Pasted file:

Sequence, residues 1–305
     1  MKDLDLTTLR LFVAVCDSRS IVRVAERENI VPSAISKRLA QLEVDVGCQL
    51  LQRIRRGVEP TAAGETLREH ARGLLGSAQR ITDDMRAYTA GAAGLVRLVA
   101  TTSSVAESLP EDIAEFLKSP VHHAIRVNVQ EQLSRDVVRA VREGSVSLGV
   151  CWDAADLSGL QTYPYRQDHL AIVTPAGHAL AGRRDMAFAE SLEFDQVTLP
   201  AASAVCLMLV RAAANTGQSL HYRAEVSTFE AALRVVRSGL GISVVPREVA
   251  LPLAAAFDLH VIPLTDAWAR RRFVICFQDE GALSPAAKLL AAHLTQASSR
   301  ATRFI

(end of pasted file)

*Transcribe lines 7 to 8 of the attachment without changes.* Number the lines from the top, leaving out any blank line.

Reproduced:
   251  LPLAAAFDLH VIPLTDAWAR RRFVICFQDE GALSPAAKLL AAHLTQASSR
   301  ATRFI